Cardiovascular applications of fibrin sealants and glues

UPDATE: See October 2010 Report #S180, “Worldwide Surgical Sealants, Glues, Wound Closure and Anti-Adhesion Markets, 2008-2015.

As a follow-up to the recent decision by the FDA to approve Nycomed’s TachoSil absorbable fibrin sealant patch for cardiovascular applications, we wanted to highlight that the cardiovascular arena offers one of the more promising areas for expanded use of surgical sealants and glues.  Cardio applications represent a significant volume of procedures in which the enhanced hemostasis and sealing provided by fibrin sealants can shorten procedure times, improve patient outcomes and, potentially, reduce the cost of procedures.

Specifically, as we identified (in our “Sealants, Glues and Wound Closure Worldwide” Report #S175), the specific procedures with potential impact of fibrin-based or other sealants and glues include the following:

  • Augmentation of aortic and vascular sutures.
  • Repair of minor epicardial lacerations without the use of sutures.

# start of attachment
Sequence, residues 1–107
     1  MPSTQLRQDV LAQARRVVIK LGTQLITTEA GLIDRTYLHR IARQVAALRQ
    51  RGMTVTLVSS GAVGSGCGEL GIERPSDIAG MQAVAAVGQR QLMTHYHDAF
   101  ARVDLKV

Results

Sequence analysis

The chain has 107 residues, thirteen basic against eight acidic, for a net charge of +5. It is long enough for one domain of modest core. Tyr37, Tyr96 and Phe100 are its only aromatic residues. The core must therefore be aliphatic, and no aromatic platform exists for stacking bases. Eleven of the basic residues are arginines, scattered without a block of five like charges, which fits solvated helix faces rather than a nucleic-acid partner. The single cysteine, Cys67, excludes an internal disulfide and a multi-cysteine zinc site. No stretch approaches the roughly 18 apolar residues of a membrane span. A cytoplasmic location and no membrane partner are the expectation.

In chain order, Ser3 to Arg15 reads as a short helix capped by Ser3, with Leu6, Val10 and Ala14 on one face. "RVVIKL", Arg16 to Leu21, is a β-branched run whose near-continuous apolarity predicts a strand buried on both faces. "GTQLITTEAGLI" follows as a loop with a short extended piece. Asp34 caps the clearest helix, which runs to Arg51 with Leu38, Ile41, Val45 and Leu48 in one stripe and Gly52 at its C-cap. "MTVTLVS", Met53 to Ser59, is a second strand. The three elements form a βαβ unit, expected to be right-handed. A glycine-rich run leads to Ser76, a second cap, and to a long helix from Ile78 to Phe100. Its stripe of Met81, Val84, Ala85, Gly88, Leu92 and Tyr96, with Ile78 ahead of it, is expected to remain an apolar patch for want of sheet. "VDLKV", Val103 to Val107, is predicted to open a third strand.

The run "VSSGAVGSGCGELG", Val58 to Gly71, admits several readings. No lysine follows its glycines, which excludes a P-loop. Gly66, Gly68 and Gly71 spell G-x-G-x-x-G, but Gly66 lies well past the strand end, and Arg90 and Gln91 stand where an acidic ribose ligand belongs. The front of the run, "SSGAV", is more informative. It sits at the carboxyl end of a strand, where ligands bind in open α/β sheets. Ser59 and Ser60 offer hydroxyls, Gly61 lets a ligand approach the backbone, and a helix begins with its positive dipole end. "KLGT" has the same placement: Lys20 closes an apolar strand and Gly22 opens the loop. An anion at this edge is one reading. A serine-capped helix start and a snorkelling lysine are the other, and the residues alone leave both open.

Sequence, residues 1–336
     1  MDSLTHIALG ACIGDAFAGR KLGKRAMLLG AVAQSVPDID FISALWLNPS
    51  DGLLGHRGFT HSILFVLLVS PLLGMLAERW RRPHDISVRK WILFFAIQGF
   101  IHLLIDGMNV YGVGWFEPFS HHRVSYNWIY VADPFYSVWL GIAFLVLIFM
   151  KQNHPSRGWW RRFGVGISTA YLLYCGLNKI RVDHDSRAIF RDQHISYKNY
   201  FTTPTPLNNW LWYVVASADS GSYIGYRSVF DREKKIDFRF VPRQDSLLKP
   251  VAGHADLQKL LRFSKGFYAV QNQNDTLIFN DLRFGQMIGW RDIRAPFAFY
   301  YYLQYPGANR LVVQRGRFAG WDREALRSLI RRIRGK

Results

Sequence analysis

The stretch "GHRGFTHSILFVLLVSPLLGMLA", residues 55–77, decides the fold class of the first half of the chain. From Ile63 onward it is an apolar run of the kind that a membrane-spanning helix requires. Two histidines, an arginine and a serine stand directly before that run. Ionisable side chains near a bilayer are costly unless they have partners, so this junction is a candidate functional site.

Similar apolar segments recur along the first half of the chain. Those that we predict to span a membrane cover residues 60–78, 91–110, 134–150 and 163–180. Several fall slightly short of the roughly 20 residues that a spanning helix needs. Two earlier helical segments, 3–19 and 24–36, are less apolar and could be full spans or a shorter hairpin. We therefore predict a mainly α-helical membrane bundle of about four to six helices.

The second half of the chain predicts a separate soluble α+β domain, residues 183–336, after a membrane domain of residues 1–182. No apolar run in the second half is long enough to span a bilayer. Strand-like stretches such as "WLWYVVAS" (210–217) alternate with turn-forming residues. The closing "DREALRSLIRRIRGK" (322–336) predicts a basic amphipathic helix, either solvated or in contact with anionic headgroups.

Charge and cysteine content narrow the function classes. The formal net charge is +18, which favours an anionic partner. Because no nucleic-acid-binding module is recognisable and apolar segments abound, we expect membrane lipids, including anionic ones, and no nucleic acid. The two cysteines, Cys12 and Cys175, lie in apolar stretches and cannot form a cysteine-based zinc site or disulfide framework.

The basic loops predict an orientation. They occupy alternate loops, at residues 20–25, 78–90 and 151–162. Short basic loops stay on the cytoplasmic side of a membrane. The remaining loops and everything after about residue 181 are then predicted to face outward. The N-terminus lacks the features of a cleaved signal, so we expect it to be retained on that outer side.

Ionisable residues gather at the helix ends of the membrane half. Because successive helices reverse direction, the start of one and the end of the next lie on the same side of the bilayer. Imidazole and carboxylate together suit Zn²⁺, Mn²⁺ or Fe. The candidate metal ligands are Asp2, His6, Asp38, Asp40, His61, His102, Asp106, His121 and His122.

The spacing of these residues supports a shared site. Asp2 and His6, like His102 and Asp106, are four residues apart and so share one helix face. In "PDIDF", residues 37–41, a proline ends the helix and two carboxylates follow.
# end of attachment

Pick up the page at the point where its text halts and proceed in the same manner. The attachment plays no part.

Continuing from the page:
• Hemostasis and reinforcement of anastomoses of coronary bypass and as an adhesive to optimize and secure the path of coronary bypasses on the heart.
  • Coating of perianeurysmatic tissue in ventricular aneurysm surgery.
  • Reinforcement of sutures and patch adhesion in reduction of the left ventricle.
  • As an adhesive to secure the dissection plane in acute aortic dissections.
  • As a hemostatic agent in the prevention of bleeding of proximal and distal anastomoses in acute aortic dissections.
  • As an adhesive for gluing patches for dissected aorta reinforcement.
  • As a hemostatic agent on anastomoses in aortic valve surgery, particularly in the presence of calcific or atheromatous aortas.
  • Hemostasis and reinforcement of sutures after aortic aneurysm repair.
  • In re-operations, as a hemostatic adhesive on lacerations of the ventricle caused by re-sternotomy or the presence of adhesions.

From a caseload basis, the global potential of sealants/glues in cardiovascular applications breaks down as follows:

Source: Report #S175